For example, say an individual put $300,000 into a contract with a surrender charge of 8%. If they did not have other liquid funds and soon after ended up needing money, most contracts allow the first 10% to be removed at no charge. So they could pull out $30,000 without a penalty. But if they needed $50,000 for an emergency, approximately $20,000 after the free withdrawal amount would incur the 8% surrender penalty to the tune of approximately $1,600. Not the end of the world for an emergency, but good to be prepared for at the outset.
When compared with similar strategies over specified time periods, in many cases, the annuities being evaluated are cheaper than alternative investments that charge upfront or ongoing fees. For example, the costs of a classic separately managed account — which might have combined fees of 1.35% every year — over time could add up to more than what an investor would pay for an annuity, even after accounting for assumed surrender charges down the road. This cost comparison is a fairly simple calculation that is patently misunderstood by both the public and many who write about the cons of annuities.
Myth #4 – Index Annuity Returns Are Not Attractive
Like almost every financial strategy offered, this depends entirely upon what they are being compared to. If you compare some index annuity strategies to a pure S&P 500 type index (or similar investment) in an up market, it is likely they will not compare favorably. But to get the rewards the S&P offers, you must be willing to accept a high degree of risk — something you could avoid with an annuity.
When annuities’ returns are compared to cash on the other hand, they will often seem significantly better suited to produce some upside, including even those with caps on returns, for the same virtual safety associated with a no-loss-of-principal asset class. Unlike cash, of course, they are meant to be held longer term and if not, may incur some surrender charges.
Like everything else in financial services, the true costs of this are easily comparable and rarely if ever acknowledged by those who categorically denounce annuities. The favorable cost comparison is especially true for many of today’s index annuities, which is likely one of the reasons why 2019 was a record year in fixed annuity sales.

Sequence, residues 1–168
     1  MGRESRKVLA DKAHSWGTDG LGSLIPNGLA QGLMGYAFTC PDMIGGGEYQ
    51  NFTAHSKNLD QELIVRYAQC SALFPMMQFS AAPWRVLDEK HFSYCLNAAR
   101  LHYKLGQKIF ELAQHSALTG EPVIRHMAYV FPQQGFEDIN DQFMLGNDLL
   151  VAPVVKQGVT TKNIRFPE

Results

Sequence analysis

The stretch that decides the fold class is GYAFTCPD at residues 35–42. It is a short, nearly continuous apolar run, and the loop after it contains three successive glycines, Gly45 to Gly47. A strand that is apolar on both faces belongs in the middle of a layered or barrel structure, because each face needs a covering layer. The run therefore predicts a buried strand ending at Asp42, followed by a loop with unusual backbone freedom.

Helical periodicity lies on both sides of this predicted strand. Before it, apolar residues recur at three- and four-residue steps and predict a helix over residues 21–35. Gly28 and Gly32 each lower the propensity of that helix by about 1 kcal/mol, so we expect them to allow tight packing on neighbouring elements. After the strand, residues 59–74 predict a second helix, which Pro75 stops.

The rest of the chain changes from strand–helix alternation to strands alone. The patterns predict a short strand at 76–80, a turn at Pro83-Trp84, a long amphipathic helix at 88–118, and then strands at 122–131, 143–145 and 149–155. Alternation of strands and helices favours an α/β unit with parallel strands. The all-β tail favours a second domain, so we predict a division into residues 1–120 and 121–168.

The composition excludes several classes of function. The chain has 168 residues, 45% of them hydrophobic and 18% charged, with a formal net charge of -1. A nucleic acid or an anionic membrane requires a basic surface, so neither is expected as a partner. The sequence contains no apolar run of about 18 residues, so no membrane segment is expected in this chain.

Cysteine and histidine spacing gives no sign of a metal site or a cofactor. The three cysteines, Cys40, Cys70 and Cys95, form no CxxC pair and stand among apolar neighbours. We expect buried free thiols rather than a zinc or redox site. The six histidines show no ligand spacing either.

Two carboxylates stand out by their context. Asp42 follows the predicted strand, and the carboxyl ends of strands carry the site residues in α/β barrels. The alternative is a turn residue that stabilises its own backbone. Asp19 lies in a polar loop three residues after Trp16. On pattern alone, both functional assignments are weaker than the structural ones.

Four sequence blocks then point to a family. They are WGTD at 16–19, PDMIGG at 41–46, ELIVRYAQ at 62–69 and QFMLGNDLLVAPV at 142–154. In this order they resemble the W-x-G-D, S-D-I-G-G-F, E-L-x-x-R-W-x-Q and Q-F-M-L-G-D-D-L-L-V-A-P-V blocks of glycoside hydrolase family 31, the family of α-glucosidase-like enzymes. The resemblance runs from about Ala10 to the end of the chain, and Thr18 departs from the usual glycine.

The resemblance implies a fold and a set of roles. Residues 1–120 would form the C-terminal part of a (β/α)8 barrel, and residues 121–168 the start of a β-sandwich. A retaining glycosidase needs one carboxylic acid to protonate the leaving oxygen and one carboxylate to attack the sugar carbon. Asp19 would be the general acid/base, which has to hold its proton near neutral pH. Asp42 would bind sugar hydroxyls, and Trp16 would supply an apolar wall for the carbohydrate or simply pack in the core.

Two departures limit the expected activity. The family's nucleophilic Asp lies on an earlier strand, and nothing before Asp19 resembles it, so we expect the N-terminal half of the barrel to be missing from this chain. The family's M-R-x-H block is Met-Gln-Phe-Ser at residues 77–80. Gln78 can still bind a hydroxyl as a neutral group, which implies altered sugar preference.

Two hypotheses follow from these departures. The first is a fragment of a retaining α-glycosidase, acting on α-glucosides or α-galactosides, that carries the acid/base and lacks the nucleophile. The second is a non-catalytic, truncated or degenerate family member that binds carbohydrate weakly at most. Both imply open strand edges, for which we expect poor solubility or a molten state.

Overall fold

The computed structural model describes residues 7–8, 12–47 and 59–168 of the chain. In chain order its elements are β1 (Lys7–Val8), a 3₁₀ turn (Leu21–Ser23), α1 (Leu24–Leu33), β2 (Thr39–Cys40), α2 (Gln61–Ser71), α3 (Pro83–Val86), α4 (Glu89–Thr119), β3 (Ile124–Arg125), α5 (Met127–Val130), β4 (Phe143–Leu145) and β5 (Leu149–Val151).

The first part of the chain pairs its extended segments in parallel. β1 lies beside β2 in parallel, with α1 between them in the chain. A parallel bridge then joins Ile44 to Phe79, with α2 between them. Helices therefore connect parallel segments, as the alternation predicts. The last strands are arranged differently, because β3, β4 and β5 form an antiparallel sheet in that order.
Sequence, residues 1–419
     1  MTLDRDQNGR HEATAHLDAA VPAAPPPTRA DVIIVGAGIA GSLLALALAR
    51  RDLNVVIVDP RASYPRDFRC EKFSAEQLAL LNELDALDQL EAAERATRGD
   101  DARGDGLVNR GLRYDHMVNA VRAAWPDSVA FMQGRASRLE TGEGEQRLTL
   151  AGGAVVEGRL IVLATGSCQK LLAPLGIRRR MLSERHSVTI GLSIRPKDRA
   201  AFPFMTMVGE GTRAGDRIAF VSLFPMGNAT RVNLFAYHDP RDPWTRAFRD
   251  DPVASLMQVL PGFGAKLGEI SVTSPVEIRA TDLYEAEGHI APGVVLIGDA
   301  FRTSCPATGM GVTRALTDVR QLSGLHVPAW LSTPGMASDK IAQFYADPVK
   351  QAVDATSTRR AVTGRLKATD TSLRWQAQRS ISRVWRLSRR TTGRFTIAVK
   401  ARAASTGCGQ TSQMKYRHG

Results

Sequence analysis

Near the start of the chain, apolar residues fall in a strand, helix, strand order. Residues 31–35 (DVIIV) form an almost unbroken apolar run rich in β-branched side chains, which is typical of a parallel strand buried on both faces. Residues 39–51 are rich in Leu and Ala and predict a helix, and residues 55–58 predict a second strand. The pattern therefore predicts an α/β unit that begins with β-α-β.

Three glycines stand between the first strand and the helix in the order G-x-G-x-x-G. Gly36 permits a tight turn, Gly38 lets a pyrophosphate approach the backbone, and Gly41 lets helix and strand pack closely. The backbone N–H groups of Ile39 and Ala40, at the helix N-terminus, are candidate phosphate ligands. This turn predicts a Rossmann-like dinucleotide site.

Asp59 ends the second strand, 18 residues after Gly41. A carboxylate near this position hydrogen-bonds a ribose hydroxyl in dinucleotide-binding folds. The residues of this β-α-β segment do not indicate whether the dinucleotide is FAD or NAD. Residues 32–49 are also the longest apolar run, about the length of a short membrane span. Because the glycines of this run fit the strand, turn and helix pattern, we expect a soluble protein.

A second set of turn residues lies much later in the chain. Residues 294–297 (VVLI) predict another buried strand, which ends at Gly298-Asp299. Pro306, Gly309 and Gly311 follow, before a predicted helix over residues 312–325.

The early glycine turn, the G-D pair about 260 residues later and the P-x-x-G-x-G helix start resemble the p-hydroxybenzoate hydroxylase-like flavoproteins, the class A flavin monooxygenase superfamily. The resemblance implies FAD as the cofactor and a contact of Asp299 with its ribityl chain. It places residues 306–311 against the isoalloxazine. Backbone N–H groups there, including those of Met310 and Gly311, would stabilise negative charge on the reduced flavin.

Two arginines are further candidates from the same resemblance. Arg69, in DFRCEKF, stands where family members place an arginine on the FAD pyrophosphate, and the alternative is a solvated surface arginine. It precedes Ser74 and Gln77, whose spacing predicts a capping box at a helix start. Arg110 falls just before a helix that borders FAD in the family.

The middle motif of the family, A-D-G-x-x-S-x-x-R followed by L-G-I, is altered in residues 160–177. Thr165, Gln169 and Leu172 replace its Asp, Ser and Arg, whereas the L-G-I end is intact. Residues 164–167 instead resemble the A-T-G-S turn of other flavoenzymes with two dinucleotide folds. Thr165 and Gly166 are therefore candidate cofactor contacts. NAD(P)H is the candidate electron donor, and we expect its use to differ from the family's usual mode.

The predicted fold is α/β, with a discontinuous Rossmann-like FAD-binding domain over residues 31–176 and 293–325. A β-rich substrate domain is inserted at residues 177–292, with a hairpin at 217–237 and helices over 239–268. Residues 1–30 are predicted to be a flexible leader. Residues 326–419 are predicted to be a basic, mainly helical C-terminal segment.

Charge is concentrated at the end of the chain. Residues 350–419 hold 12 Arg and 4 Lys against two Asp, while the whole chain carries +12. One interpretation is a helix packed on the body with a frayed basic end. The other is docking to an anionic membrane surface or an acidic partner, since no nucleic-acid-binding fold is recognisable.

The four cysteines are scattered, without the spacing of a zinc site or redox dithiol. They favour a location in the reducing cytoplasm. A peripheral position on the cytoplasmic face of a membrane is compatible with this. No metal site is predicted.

Myth #5 – ‘I Can’t Get Money Out of Annuities for 10 years’
While it is true that many index annuity programs have a 10-year declining surrender charge schedule, this does not mean you cannot get your money out. As we’ve said, most programs today offer the ability to remove 10% of the annual contract value yearly with no surrender charge or fee. They also offer the ability to remove any required minimum distributions (RMDs) for free as well, even if those RMDs should happen to exceed the 10% free withdrawal feature. But the real kicker is that for those who are still concerned about liquidity — even though surrender charge costs are nowhere near what they might imagine — they can now purchase liquidity riders for a small annual percentage that drastically reduce surrender charges, in some cases to zero, depending on the withdrawal and timeframe need. This feature removes one of the last criticisms regarding liquidity and the costs associated with it.
The riders are, of course, not free, which makes them part of the discussion with a qualified and licensed professional to choose what is in the best interest for each individual investor. The same is true in the medical profession, where doctors are the ones who should be prescribing things to their patients, specific to their profile, versus online resources, whose qualifications cannot be reviewed.
Myth #6 – Annuities Are Too Complicated
Like anything designed to protect downside, most index annuity programs use algorithms to manage the weightings of their underlying indexes on a daily basis. Annuities may seem too complex for the average individual to understand at first glance, however illustrations that include the impact of guarantees can be compared by back-testing based upon historical index performance. These illustrations tend to demystify the impact index annuities can have on an investment portfolio, and accentuate the benefits of safety in volatile markets.
As with all investment options, there are trade-offs. However, if protecting principal while providing upside is something an investor needs or wants, an index annuity may be the best option out there. Consult a financial adviser who is licensed to represent and sell index annuities before crossing them off your list, and pay attention to the facts. Myths will never help you achieve your financial goals, but solid advice certainly can.